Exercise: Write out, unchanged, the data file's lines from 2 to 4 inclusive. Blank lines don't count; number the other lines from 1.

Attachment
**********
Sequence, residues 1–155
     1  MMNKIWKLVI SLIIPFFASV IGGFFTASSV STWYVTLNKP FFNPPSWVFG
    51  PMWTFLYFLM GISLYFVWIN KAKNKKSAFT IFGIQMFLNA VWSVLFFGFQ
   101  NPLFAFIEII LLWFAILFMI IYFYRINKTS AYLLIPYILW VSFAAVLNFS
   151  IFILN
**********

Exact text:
     1  MMNKIWKLVI SLIIPFFASV IGGFFTASSV STWYVTLNKP FFNPPSWVFG
    51  PMWTFLYFLM GISLYFVWIN KAKNKKSAFT IFGIQMFLNA VWSVLFFGFQ
   101  NPLFAFIEII LLWFAILFMI IYFYRINKTS AYLLIPYILW VSFAAVLNFS